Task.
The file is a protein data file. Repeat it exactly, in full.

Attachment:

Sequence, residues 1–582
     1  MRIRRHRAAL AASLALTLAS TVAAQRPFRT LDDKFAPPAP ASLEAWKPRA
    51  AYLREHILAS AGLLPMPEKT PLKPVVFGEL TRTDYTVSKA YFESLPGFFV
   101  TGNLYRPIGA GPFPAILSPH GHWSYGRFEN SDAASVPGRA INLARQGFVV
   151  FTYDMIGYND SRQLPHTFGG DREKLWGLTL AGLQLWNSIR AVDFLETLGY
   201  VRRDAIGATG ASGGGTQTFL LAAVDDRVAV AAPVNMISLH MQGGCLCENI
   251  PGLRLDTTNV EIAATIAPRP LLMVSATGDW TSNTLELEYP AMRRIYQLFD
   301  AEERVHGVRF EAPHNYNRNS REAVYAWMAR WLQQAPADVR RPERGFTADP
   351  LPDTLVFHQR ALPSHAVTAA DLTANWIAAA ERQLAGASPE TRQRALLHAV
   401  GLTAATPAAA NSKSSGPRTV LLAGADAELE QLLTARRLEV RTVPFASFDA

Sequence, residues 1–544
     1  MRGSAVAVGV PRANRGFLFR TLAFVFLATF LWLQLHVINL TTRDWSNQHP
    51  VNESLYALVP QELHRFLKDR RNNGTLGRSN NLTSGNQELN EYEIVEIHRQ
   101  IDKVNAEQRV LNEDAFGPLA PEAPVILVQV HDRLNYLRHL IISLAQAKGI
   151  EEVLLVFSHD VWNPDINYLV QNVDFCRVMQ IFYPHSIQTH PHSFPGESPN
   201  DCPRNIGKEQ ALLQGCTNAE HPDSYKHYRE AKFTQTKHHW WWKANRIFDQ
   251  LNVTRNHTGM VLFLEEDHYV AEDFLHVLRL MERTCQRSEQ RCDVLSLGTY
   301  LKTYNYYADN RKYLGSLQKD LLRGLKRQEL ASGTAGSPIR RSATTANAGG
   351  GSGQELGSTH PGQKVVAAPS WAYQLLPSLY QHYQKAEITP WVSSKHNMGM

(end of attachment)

Sequence, residues 1–582
     1  MRIRRHRAAL AASLALTLAS TVAAQRPFRT LDDKFAPPAP ASLEAWKPRA
    51  AYLREHILAS AGLLPMPEKT PLKPVVFGEL TRTDYTVSKA YFESLPGFFV
   101  TGNLYRPIGA GPFPAILSPH GHWSYGRFEN SDAASVPGRA INLARQGFVV
   151  FTYDMIGYND SRQLPHTFGG DREKLWGLTL AGLQLWNSIR AVDFLETLGY
   201  VRRDAIGATG ASGGGTQTFL LAAVDDRVAV AAPVNMISLH MQGGCLCENI
   251  PGLRLDTTNV EIAATIAPRP LLMVSATGDW TSNTLELEYP AMRRIYQLFD
   301  AEERVHGVRF EAPHNYNRNS REAVYAWMAR WLQQAPADVR RPERGFTADP
   351  LPDTLVFHQR ALPSHAVTAA DLTANWIAAA ERQLAGASPE TRQRALLHAV
   401  GLTAATPAAA NSKSSGPRTV LLAGADAELE QLLTARRLEV RTVPFASFDA

Sequence, residues 1–544
     1  MRGSAVAVGV PRANRGFLFR TLAFVFLATF LWLQLHVINL TTRDWSNQHP
    51  VNESLYALVP QELHRFLKDR RNNGTLGRSN NLTSGNQELN EYEIVEIHRQ
   101  IDKVNAEQRV LNEDAFGPLA PEAPVILVQV HDRLNYLRHL IISLAQAKGI
   151  EEVLLVFSHD VWNPDINYLV QNVDFCRVMQ IFYPHSIQTH PHSFPGESPN
   201  DCPRNIGKEQ ALLQGCTNAE HPDSYKHYRE AKFTQTKHHW WWKANRIFDQ
   251  LNVTRNHTGM VLFLEEDHYV AEDFLHVLRL MERTCQRSEQ RCDVLSLGTY
   301  LKTYNYYADN RKYLGSLQKD LLRGLKRQEL ASGTAGSPIR RSATTANAGG
   351  GSGQELGSTH PGQKVVAAPS WAYQLLPSLY QHYQKAEITP WVSSKHNMGM